“Our aim is to provide our customers with the reassurance that they can trade in a secure online environment at all times. To this end the relationship with Ambersail Assured will provide us with the required high level of guidance and protection in the pursuit of this.”
Security Manager, Birmingham Midshires.
Why Is VPN Penetration Testing So Important?
VPNs provide a direct and trusted link into your networks. Security is paramount.
Due to current Coronavirus restrictions, home working is now the norm for millions of workers across the world. To support home working, VPN technology is invaluable. Allowing staff to securely sign in to perform their day to day roles.
The connectivity that VPN products provide needs to be carefully controlled. You only want the right people accessing your networks.
To confirm access is secure, many companies perform a security or penetration test.
VPN Penetration Testing finds issues that can lead to the remote access service becoming unavailable, meaning that your remote workers would not be able to function properly.
Also testing finds weak configuration. This can lead to unauthorised people being able to access the VPN and your internal network. Including access to your confidential data and applications.
VPN Penetration Testing confirms how secure your remote access or VPN solution is. Clearly, the robust implementation and maintenance of any remote access or VPN solution is of huge importance to all organisations.
Secure Your Remote Access Quickly & Easily
We have been performing penetration testing for many years. We understand what is really important to our clients.
We make it easy for companies to understand what we test and what we find. Results are very clear making it easy to fix any problems.
Contact us to get started.
How Do We Go About Testing?
We use a proven testing methodology that is based upon our many years of experience in penetration testing.
When we are dealing with VPNs, we are very interested in the following:
What remote access software is being used. In recent times, there has been a spike in vulnerabilities with certain products. This has led to a number of organisations being compromised. The first check is to make sure that the version of software in use is the latest available version.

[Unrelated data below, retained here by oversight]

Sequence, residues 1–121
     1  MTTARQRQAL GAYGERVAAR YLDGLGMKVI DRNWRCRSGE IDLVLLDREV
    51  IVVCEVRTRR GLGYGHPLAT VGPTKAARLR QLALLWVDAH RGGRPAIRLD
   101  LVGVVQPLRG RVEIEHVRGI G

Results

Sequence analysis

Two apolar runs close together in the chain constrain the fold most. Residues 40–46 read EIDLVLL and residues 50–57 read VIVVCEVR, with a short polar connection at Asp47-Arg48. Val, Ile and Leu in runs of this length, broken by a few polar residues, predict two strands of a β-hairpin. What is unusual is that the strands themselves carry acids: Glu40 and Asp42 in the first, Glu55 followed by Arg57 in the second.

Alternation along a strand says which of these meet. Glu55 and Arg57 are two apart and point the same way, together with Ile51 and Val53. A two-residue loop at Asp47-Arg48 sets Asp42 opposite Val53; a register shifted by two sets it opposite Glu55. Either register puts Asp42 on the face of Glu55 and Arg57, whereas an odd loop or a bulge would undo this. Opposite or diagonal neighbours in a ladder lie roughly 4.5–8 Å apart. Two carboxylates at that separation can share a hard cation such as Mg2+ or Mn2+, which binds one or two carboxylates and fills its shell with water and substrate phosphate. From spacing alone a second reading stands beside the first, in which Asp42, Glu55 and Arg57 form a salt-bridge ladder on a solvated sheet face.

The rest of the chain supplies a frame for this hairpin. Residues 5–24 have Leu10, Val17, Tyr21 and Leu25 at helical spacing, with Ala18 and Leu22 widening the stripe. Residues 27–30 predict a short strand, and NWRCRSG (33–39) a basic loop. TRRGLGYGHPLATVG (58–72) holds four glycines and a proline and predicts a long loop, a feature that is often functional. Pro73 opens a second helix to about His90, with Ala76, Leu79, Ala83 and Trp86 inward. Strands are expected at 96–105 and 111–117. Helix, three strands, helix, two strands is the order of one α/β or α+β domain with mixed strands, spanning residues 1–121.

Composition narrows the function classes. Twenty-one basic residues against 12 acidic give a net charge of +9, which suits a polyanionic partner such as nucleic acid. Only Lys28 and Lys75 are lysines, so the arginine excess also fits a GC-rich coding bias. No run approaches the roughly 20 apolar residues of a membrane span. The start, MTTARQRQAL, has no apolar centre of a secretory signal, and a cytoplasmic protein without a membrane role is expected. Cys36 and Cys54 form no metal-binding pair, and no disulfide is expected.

How the VPN is implemented. This is particularly relevant when a solution may have been set up at short notice. Often, poor or insecure default values may have been used for expediency, and not tidied up later. We will check this and advise on security improvements.
How accessible the VPN is. Sometimes it is not necessary for a remote access service to be visible to the whole World. We can advise on firewall updates that could help reduce visibility of the VPN. This is a great “defence in depth” measure.
… We Perform A Detailed Examination
We pay very close attention to the configuration of your remote access solution.
Authentication comes first. There are many ways in which a user can authenticate to a VPN. Certain VPNs are designed to join networks together over the Internet. These “site-to-site” systems can be just as vulnerable and can be overlooked as their presence isn’t immediately obvious to the ordinary user.
In most cases, the authentication scheme in use will based upon:
- A pre-shared key (PSK). These systems should use a key which is securely generated and is practically impossible to extract. Some poorly configured VPNs can facilitate brute-force enumeration of keys.
- A two-factor authentication (2FA) scheme. More commonly used in end-user remote access scenarios, 2FA commonly involves the use of a password and another factor such as a one-time passcode, a token, or a client certificate. Often these are accessed via synchronisation with a third party token generator such as Google Authenticator.
- Other methods involving Windows domain credentials. This scheme extends the credentials as used on the internal network in order to extend access to external users whilst maintaining central control of user access.
Poor implementation of any of the above can lead to unwanted people accessing your internal data and applications.
Another key area is encryption. Sometimes, VPN solutions will allow less secure connections to be made for certain users or older versions of software. This might seem convenient, but poorly configured cryptography will undermine the security of the data being transmitted over the VPN.
Again, issues here can lead to unauthorised access to your data assets.
It Is Not All About VPNs
In all of the above, we can use the term “remote access service” or “VPN” more or less interchangeably.
The truth is that there are a multitude of ways in which remote access can be set up. All of them should be evaluated for security issues.
Other example include:
- Microsoft Remote Desktop (RDP). This is very easy to set up. However, if nor performed properly, can quickly expose your organisation to serious threat.
Secure Shell (SSH). Often used by technical staff for remote server administration purposes. Sometimes these connections can be set up and forgotten about. Particularly if done as a quick fix for an immediate network issue.
Citrix remote application and desktop access. This popular technology provides access to applications as if they were running on the user’s local machine.
Other remote desktop support software such as VNC, TeamViewer, LogMeIn, Chrome Remote Desktop, and Zoho Assist.
Poor security choices with any of the above may expose your internal systems to unauthorised use.
Contact us to get started.